Although I have titled this photo “Loon Bonding”, this two-month-old loon chick is actually begging to be fed. It is fully capable of diving for fish itself, but why bother when your parent is still a soft touch? This moment came as the culmination of a long day with kayak and camera.
A planned one-day nature photography excursion began well before sunrise early September. Although my actual goal was to visit and photograph an eagle’s nest in northern New Hampshire, this turned out to be a “Loon Day”-a day filled with paddling among loons-before I retired exhausted with a cooler full of exposed film.
I started the day at my favorite pond before sunrise, drifting with loon for 3 hours. I had decided to slightly delay my visit with the eagles up north, since I didn’t want to miss the early light and loon congregations in a nearer lake. Common Loon (Gavia immer) tend to gather at sunrise, feed in a group, and then disperse. Early or late light is critically important for loon photography, not because of the warm, soft quality (which is, of course, a plus) but because of the angle of the light. If you don’t capture the red of the eye of the loon, its black head looks eyeless and the image fails, except in rare instances. The red comes from light entering the eye and being reflected back. Unless the sun is low, the angles are wrong and the eye looks black.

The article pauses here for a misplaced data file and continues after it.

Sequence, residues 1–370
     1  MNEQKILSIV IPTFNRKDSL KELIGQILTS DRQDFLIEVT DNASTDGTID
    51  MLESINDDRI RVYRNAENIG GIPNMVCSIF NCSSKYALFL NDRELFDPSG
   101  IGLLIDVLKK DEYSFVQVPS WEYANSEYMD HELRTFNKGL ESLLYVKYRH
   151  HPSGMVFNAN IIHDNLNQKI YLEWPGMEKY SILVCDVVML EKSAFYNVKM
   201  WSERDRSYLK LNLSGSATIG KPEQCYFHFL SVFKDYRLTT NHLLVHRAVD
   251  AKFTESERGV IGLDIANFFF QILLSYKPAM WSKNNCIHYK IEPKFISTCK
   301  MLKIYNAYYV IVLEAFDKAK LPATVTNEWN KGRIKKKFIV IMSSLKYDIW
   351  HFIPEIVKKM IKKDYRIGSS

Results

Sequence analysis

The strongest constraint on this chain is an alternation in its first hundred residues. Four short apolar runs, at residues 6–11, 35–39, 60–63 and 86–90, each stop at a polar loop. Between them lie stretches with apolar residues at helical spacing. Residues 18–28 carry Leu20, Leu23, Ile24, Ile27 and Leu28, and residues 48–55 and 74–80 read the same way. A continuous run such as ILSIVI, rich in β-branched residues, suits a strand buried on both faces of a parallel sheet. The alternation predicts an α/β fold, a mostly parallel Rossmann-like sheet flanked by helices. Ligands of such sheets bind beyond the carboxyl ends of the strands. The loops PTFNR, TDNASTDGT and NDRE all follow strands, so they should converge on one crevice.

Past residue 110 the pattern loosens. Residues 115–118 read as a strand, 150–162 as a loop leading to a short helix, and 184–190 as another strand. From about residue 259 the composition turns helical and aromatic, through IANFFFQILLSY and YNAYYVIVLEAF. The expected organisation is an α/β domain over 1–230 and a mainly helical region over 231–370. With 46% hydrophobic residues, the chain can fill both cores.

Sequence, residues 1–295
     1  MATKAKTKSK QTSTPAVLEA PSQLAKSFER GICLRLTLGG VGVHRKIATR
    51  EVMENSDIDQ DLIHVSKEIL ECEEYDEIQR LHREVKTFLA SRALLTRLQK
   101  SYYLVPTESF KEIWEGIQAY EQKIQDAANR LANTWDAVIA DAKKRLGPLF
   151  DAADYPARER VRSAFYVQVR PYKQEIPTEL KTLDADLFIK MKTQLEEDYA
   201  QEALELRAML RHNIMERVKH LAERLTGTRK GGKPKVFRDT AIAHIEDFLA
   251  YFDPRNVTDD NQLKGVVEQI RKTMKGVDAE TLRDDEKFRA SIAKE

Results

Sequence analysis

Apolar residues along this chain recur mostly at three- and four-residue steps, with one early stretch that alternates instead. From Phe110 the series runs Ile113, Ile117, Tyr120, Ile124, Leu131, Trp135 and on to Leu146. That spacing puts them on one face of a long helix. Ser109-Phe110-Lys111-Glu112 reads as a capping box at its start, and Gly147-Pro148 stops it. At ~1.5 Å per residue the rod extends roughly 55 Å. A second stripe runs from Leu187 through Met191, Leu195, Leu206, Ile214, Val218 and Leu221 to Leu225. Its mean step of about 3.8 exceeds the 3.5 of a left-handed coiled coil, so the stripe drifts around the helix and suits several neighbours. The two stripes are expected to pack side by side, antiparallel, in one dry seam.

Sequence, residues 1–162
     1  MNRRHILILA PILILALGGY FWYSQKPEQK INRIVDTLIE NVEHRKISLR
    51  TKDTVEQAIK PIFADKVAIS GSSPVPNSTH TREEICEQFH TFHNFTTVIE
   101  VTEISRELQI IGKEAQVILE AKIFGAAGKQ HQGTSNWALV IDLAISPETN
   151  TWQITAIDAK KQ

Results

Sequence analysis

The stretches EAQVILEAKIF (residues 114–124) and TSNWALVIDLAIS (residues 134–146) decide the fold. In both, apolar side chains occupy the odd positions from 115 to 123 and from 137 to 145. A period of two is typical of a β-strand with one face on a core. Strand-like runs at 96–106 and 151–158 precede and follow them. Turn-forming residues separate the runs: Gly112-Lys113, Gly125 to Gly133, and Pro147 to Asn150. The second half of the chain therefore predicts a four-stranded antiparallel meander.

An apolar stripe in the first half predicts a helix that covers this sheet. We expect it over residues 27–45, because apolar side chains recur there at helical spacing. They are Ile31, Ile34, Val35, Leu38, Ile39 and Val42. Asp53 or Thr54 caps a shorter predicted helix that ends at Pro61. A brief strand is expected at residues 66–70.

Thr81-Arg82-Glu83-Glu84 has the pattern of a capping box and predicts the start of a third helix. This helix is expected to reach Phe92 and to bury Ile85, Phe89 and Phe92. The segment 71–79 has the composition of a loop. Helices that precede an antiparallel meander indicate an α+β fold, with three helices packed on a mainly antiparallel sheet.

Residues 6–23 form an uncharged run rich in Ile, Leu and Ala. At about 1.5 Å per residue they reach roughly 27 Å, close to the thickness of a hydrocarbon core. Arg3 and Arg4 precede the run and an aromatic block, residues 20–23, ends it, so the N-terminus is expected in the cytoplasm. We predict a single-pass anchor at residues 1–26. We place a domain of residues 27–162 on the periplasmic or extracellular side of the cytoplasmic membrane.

My next stop was 150 miles north in Errol, NH. Putting in upstream of the dam, I kayaked 4 miles up the slow-moving Androscoggin River to some islands on Lake Umbagog where eagles nested. I couldn’t get close enough to the eagles to get a decent photo, though I did get a good view of them and their young through binoculars. I relaxed in the shade on a small island for an hour or so then headed back.
The day was unusually warm and calm. Calm is a big plus when photographing from a kayak, not only because it helps steady the camera but also because it makes for less confusing water reflection backgrounds. Incidentally, in contrast to on land, I don’t use a tripod in a canoe or kayak, even though many waterbird photographers recommend one. I’ve tried it, but find it too confining. It limits my shooting directions way too much. A monopod is the worst of the three options in my opinion. I’ve captured some nice shots while twisting nearly backwards handholding the camera that would have been impossible with a tripod. Go on calm days and steady your camera using good handholding techniques and, if you have them, IS/VR lenses.
On the way downriver I “befriended” a mother and two-month-old loon. I know the age of the loon because I know when they emerge from their eggs in this part of the world. I must have spent 2 hours floating silently nearby as they interacted, acting pretty oblivious to my presence. At one point they came very close to my drifting kayak while the chick begged for food. I squeezed the trigger… It’s a real treat when wild creatures accept you in their world.
Editor's Note - Jim Block is a full-time stock photographer, writer, photography teacher,
and workshop and tour leader. He specializes in nature and garden stock
photography and contributes regularly to several horticultural magazine and
book publishers. Fifteen of his photos have appeared on book, magazine,
and calendar covers. Two single-photographer calendars have been published
nationally by a gardening book publisher based on 31 of his images. Jim
also leads small-group photo tours and workshops in Northern New England.
He may be contacted at email@example.com.
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